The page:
Buckwheat Sprouts

“Nutritional values of buckwheat reach maximum on day 8 sprouting by solid-phase cultivation (BSSC). The precious nutrients surveyed included linolenic acid, total polyphenolics, rutin, quercetin, l-ascorbic acid and gamma-aminobutyric acid. To investigate whether a change of cultivation method could improve the nutritional status, we performed aquaculture. By performing chemical, biochemical and animal experiments, we found that maximization of nutrient levels in aquacultured buckwheat sprouts (BSAQ) occurred 2 days earlier than those from BSSC. Simultaneously, their bioactivities were much enhanced, being superior to BSSC regarding antioxidative, free radical scavenging, anti-low-density lipoprotein lipoperoxidative capabilities and hypolipidemic bioactivity with respect to serum total cholesterol and triglyceride in Syrian hamsters. In addition, serum low-density lipoprotein-cholesterol (LDL-C) and high-density lipoprotein-cholesterol (HDL-C) levels and the ratios LDL-C/HDL-C and total cholesterol/HDL-C were all more efficiently suppressed by BSAQ diets. In conclusion, aquaculture is more efficient than the solid-phase cultivation with regard to acceleration and maximization of precious nutrient levels in buckwheat sprouts.” 
 
Int J Food Sci Nutr. 
2009 Jun 30:1-14. 
Aqua-culture improved buckwheat sprouts with more abundant precious nutrients and hypolipidemic activity.
Peng CC, Chen KC, Yang YL, Lin LY, Peng RY. School of Physical Therapy.
 
Nutrient levels in buckwheats that were maximized in day 8 sprouts (D8SP) included total phenolics, quercetin, and l-ascorbic acid, whereas those of oxalic, malic, tartaric, and citric acids, rutin, and gamma-aminobutyric acid (GABA) were found to reach maximum levels on day 10. Ethanolic extract of D8SP (2.5 mg/mL) revealed potent free-radical scavenging (FRS) and antioxidative (ANO) capabilities. However, its Fe (2+)-chelating capability was only moderate. To further study the hypolipidemic activity of D8SP, 36 Syrian hamsters were grouped into six groups and fed for 28 days, respectively, with (i) control meal, (ii) high fat plus high cholesterol meal, (iii) high fat plus high cholesterol plus 2.5% of buckwheat seeds, (iv) high fat plus high cholesterol plus 25% of buckwheat seeds, (v) high fat plus high cholesterol plus 2.5% of D8SP, and (vi) high fat plus high cholesterol plus 25% of D8SP. High seed meal prominently enhanced body weight gain, whereas high sprout meal exhibited the highest feed efficiency. Ratios of liver/body weight (L/B) were significantly lowered by all BS meals. Although low seed meal reduced serum total cholesterol (TC) levels ( p < 0.05), its effect was still inferior to the high seed and sprout meals ( p < 0.01). In contrast, serum triglyceride (TG) levels were lowered only by the high seed and sprout meals ( p < 0.05). Alternatively, levels of serum low-density lipoprotein cholesterol (LDL-C) were significantly suppressed by all buckwheat meals ( p < 0.01). Serum high-density lipoprotein cholesterol (HDL-C) levels were increased, however, insignificantly. Nutraceutically more meaningful is that both LDL-C/HDL-C and TC/HDL-C ratios were significantly lowered.  ( p < 0.01). Apparently, hepatic TC levels were significantly reduced, whereas hepatic TG levels were totally unaffected. Conclusively, sprouting triggers a variety of nutritional changes in buckwheats. Day 8 sprouts, consisting of high polyphenolic and moderate quercetin contents, are nutraceutically maximized when hypocholesterolemic, hypotriglyceridemic, and antioxidative activities are concerned.”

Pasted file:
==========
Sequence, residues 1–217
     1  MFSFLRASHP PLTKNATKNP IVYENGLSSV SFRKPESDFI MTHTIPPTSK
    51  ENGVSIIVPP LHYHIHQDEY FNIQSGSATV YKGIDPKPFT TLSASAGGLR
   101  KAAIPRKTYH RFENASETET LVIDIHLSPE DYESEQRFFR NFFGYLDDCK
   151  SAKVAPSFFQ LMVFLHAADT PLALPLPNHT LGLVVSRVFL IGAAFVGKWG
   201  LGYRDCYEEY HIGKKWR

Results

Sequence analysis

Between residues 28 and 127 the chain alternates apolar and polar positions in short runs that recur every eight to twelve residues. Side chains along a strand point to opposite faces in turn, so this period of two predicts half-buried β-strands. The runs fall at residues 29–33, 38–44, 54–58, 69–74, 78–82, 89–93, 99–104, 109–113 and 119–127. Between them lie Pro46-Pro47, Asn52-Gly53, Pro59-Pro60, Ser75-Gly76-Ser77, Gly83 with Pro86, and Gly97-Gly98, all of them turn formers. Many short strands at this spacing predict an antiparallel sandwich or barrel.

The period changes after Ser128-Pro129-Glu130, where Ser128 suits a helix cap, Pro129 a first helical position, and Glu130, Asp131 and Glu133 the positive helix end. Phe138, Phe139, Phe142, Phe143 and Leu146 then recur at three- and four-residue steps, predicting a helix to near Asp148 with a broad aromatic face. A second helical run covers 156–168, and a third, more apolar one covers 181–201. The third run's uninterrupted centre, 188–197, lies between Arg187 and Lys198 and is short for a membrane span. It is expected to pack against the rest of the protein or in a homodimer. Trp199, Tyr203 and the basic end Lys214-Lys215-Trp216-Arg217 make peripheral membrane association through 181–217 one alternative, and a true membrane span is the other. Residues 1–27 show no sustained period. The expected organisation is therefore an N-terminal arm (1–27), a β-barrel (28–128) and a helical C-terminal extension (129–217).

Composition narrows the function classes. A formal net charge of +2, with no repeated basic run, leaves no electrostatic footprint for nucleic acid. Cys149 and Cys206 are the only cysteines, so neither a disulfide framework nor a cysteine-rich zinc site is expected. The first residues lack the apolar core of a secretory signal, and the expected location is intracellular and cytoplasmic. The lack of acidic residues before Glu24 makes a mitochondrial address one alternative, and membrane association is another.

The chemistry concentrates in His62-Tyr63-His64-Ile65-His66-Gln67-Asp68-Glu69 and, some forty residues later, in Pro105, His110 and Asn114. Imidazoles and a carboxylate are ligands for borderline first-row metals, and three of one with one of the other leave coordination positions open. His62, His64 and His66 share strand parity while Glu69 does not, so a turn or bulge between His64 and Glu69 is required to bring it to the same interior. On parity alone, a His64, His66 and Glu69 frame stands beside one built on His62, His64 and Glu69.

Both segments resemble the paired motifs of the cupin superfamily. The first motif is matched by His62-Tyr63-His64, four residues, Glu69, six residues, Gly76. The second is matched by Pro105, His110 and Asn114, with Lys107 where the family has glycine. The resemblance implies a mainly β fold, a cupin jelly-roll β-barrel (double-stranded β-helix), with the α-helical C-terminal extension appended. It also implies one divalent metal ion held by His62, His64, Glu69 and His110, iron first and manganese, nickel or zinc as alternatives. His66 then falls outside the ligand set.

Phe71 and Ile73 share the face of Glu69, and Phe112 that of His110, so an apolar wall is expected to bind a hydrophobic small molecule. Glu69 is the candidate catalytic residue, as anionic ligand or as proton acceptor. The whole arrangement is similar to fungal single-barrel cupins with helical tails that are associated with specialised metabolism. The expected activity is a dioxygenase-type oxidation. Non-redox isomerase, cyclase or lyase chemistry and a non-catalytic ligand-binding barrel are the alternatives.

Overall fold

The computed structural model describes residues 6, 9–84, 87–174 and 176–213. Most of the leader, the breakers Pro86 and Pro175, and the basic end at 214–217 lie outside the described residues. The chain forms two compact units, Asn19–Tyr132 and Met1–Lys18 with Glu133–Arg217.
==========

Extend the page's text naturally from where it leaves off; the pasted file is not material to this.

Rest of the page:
J Agric Food Chem.
 2008 Jan 24  
Optimization of Bioactive Compounds in Buckwheat Sprouts and Their Effect on Blood Cholesterol in Hamsters.
Lin LY, Peng CC, Yang YL, Peng RY.